Dextrin

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Description

A water soluble polysaccharide produced by the hydrolysis of starch. Patented in 1867, dextrin is produced when starch is hydrolyzed with dilute acid and heat, then neutralized with alkali. Pure dextrin is a white, amorphous powder that has a sweetish taste. It is used as an adhesive for envelopes, gummed paper, postage stamps, and mounting photographs. Dextrin is also used for sizing paper and textiles, for printing inks, as a thickening agent, and as a paint binder in poster paints and cheap tempera colors. Dextrin is sensitive to moisture, weathers poorly, and is susceptible to biodegradation. Two forms of impure or partially hydrolyzed dextrin are also available:

- British gum: a dark, brown powder that forms a tacky adhesive in warm water.

- Canary (yellow) dextrin: a water-soluble yellow powder.

Synonyms and Related Terms

dextrine (AAT preferred); starch gum; amylin; British gum; gommeline; vegetable gum; artificial gum; leiocom; sago dextrin; tapioca dextrin; canary dextrin; starch syrup; Dextrine (Deut.); dextrine (Fr.); dekstryna (Pol.)

Other Properties

Soluble in hot water. Insoluble in ethanol, ether.

Fluoresces a blue-white in ultraviolet light.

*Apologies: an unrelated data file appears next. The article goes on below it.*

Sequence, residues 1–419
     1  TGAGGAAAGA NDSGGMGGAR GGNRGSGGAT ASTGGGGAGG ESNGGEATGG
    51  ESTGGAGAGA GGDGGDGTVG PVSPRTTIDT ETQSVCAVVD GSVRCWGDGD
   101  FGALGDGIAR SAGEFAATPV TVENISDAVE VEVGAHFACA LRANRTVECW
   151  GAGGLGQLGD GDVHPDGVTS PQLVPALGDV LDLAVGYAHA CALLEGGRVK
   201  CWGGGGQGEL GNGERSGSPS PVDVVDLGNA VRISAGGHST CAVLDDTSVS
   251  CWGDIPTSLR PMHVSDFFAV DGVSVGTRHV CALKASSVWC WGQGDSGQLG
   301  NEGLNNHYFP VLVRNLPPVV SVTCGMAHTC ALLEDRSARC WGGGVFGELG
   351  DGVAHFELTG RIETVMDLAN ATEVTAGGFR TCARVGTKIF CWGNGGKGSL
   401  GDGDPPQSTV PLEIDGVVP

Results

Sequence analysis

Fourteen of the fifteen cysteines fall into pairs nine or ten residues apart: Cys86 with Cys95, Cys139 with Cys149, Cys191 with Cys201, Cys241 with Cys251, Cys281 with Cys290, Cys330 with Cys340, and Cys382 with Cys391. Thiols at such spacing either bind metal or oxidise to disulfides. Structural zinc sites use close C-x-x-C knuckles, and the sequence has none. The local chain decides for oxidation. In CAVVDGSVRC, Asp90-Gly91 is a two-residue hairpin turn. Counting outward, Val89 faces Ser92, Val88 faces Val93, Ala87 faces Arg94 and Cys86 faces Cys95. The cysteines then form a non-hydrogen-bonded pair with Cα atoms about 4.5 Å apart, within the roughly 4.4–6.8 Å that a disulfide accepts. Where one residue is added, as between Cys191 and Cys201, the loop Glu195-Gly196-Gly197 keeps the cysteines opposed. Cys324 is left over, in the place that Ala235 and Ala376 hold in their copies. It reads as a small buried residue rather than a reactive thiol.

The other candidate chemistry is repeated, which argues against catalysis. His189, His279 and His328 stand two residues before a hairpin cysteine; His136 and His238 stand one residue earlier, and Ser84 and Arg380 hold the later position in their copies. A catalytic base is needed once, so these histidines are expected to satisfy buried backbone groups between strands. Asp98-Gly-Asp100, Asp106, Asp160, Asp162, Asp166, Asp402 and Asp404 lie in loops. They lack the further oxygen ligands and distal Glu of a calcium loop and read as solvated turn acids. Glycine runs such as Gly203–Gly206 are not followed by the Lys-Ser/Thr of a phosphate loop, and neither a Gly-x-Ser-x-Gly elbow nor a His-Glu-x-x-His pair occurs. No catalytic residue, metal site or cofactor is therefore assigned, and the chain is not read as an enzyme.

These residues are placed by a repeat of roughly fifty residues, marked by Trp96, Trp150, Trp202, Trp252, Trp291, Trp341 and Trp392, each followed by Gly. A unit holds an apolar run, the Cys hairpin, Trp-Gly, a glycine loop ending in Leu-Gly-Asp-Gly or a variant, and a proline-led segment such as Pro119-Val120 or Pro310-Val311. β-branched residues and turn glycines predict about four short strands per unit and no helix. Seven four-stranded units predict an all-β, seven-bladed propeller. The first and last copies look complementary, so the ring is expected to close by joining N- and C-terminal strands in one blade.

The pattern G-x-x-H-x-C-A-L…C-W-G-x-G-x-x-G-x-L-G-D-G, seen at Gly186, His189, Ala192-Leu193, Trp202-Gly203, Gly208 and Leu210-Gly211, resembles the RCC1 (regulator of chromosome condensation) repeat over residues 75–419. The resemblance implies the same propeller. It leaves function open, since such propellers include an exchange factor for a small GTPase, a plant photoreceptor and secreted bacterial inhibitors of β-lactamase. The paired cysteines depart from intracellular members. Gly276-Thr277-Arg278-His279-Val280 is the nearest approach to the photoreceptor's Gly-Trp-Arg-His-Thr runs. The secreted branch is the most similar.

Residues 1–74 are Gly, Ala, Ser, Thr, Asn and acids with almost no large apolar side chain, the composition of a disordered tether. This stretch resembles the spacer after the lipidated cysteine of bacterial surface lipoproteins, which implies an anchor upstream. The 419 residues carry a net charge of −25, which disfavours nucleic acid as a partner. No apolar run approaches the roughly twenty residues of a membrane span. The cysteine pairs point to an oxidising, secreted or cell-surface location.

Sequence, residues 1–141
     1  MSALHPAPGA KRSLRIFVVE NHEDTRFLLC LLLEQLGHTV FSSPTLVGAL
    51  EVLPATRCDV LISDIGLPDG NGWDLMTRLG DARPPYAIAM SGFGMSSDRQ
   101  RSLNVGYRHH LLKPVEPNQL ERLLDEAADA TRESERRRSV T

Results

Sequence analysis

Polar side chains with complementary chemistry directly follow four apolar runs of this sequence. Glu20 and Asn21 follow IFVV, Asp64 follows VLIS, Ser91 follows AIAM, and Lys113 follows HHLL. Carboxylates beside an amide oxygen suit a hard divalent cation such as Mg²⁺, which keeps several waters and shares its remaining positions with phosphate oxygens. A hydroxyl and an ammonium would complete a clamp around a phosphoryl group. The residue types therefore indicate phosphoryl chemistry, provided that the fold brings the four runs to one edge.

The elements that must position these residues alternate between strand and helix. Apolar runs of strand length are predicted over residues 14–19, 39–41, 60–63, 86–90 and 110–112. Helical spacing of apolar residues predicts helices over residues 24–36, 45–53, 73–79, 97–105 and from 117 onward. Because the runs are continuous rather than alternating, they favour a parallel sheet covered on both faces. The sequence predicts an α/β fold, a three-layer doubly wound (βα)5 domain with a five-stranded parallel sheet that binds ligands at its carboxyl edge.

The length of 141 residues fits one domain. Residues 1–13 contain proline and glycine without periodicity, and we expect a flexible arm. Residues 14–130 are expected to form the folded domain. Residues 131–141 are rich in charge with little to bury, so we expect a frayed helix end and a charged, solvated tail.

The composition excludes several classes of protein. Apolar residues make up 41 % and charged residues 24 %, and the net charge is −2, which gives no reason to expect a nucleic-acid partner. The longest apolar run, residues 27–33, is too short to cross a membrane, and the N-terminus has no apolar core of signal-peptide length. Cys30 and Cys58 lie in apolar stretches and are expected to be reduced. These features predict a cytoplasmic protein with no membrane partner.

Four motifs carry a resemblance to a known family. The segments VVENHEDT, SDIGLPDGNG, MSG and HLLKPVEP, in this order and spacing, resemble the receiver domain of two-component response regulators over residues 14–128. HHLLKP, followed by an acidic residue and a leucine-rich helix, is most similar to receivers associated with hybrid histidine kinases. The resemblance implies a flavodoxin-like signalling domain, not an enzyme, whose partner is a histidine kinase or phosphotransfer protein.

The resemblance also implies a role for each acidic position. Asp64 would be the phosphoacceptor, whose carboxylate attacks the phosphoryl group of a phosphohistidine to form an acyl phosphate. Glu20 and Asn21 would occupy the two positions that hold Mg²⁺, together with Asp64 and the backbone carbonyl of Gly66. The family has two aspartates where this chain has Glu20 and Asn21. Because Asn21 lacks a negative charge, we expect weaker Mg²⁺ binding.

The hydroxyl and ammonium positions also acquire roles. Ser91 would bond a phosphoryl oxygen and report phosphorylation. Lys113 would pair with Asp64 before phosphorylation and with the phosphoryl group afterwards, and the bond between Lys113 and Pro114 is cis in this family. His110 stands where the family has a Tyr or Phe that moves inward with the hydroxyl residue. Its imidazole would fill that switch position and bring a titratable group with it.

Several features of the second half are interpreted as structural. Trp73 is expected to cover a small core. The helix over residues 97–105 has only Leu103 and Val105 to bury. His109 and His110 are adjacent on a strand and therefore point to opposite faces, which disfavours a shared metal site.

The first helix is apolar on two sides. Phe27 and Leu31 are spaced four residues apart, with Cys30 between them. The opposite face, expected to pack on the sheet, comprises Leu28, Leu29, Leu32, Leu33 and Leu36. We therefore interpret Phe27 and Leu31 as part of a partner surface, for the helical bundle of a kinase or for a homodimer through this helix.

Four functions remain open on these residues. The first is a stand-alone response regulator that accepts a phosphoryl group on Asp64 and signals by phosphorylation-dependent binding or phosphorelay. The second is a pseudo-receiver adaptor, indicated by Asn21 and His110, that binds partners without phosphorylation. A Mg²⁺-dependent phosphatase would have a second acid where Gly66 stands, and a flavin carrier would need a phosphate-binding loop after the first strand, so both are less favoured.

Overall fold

Iodine gives a red to blue color.

Sources Checked for Data in Record

  • R. J. Gettens, G.L. Stout, Painting Materials, A Short Encyclopaedia, Dover Publications, New York, 1966 Comment: iodine gives red to violet color
  • G.S.Brady, Materials Handbook, McGraw-Hill Book Co., New York, 1971 Comment: p. 263
  • Reed Kay, The Painter's Guide To Studio Methods and Materials, Prentice-Hall, Inc., Englewood Cliffs, NJ, 1983
  • Ralph Mayer, A Dictionary of Art Terms and Techniques, Harper and Row Publishers, New York, 1969 (also 1945 printing)
  • Richard S. Lewis, Hawley's Condensed Chemical Dictionary, Van Nostrand Reinhold, New York, 10th ed., 1993
  • Hermann Kuhn, Conservation and Restoration of Works of Art and Antiquities, Butterworths, London, 1986
  • Matt Roberts, Don Etherington, Bookbinding and the Conservation of Books: a Dictionary of Descriptive Terminology, U.S. Government Printing Office, Washington DC, 1982
  • George Savage, Art and Antique Restorer's Handbook, Rockliff Publishing Corp, London, 1954
  • Book and Paper Group, Paper Conservation Catalog, AIC, 1984, 1989